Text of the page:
Well, woodchucks can definitely chuck wood, if by chuck you mean eat.
“Food and Feeding Behavior: Herbaceous plants proved the bulk of the diet of this herbivore which may consume up to 681 g (1.5 lb) of vegetation per day. Clovers, grasses, dandelions, goldenrods, asters, and where available, alfalfa; garden crops such as corn, lettuce, peas, and beans are some of the plants the wood chuck prefers. The buds and even the barks of some deciduous shrubs and trees are spring foods, while fruits, especially raspberries, blackberries, blueberries, cherries, and apples form a part of the summer diet. Animal foods, chiefly insects, make up less than one percent of the diet. Woodchucks forage early in the morning and late in the afternoon during the summer, but mid-day in spring and autumn. Fat reserves rather than food caches supply the energy needed to sustain a woodchuck through the winter.”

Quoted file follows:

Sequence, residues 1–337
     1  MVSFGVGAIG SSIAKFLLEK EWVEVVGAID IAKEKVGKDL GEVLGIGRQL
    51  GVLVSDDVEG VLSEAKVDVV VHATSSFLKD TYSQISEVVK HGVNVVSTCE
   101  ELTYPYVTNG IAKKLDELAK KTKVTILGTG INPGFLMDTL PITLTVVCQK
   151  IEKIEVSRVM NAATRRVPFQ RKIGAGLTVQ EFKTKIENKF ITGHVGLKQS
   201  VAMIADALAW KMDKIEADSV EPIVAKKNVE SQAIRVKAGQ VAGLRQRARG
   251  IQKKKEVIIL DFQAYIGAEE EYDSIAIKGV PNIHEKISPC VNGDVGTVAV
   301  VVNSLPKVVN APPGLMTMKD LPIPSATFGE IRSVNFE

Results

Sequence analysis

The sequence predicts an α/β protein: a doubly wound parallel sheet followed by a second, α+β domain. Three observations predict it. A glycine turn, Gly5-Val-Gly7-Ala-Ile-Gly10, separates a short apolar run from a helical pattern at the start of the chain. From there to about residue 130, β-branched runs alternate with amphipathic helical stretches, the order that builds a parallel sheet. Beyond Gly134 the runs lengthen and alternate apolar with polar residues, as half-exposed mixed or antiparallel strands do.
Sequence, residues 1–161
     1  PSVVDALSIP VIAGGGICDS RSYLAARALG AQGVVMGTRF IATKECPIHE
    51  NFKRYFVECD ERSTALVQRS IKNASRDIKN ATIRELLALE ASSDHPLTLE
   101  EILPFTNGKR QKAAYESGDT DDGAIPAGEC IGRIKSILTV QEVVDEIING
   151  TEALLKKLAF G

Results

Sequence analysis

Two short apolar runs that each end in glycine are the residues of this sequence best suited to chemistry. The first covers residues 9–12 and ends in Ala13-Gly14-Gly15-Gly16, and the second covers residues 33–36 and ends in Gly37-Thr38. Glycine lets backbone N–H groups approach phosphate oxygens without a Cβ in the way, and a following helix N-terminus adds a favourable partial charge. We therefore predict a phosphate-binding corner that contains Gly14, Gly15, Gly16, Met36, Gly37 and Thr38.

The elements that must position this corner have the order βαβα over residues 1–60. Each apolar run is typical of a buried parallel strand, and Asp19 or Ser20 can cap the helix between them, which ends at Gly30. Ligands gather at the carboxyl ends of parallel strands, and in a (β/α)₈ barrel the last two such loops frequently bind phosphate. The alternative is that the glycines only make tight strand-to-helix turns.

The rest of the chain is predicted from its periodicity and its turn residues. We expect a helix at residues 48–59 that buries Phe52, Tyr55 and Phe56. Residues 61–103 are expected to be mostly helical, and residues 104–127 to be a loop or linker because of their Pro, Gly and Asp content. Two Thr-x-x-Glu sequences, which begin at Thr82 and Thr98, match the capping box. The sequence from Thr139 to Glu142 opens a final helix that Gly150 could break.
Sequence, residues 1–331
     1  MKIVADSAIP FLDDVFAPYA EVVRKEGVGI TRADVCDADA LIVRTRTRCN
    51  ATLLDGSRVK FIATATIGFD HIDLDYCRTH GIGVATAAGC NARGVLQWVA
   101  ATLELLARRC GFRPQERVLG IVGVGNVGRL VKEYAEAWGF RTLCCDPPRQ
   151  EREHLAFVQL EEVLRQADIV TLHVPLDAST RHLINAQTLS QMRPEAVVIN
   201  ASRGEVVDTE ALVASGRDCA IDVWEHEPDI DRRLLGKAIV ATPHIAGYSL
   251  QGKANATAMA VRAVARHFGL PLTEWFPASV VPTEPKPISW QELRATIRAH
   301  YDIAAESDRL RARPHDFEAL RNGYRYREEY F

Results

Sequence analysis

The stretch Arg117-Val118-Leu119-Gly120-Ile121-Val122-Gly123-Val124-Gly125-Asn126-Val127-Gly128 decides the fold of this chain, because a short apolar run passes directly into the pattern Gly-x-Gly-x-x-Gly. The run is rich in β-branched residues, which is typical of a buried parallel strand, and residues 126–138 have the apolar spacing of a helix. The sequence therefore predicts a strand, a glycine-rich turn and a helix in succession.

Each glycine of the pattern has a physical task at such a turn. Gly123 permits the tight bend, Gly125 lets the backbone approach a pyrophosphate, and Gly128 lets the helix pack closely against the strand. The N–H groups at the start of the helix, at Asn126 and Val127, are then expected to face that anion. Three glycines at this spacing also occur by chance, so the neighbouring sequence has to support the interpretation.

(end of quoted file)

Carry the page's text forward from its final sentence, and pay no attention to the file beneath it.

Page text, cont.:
So, I’d say a woodchuck would eat as much wood at it took to sustain himself through winter. Which is something I think most of us can relate to right now, if we’re in the Northern Hemisphere. Also, Christmas eating and hibernation. If I am the person meant to judge that, I would eat no wood other than the wood fibers that I eat when I eat whatever else that is processed that I eat that contains them, and nothing else. Maybe cinnamon sticks? Does that count as wood, if it steeps in my tea? In Chile my mama Myriam would put sticks of cinnamon in Black tea and it warmed your bones when you had cold ocean mist. I told that to a lovely 90 year old at my hairdresser’s recently. She was nice. She just wanted somebody to talk to, and we ended up talking about Jesus and growing up and I got some free cookies that they always have there. Win win win, three because of Jesus. Also, the cookies. But I’ve gone to that hairdresser since I was a baby with the red ringlets, so I don’t care all that much, the cookies were free then too.
Well, I deem that as a woodchuck I should just eat a lot of dip and call it wood. (bhahahahhklaskfdlsjahhha)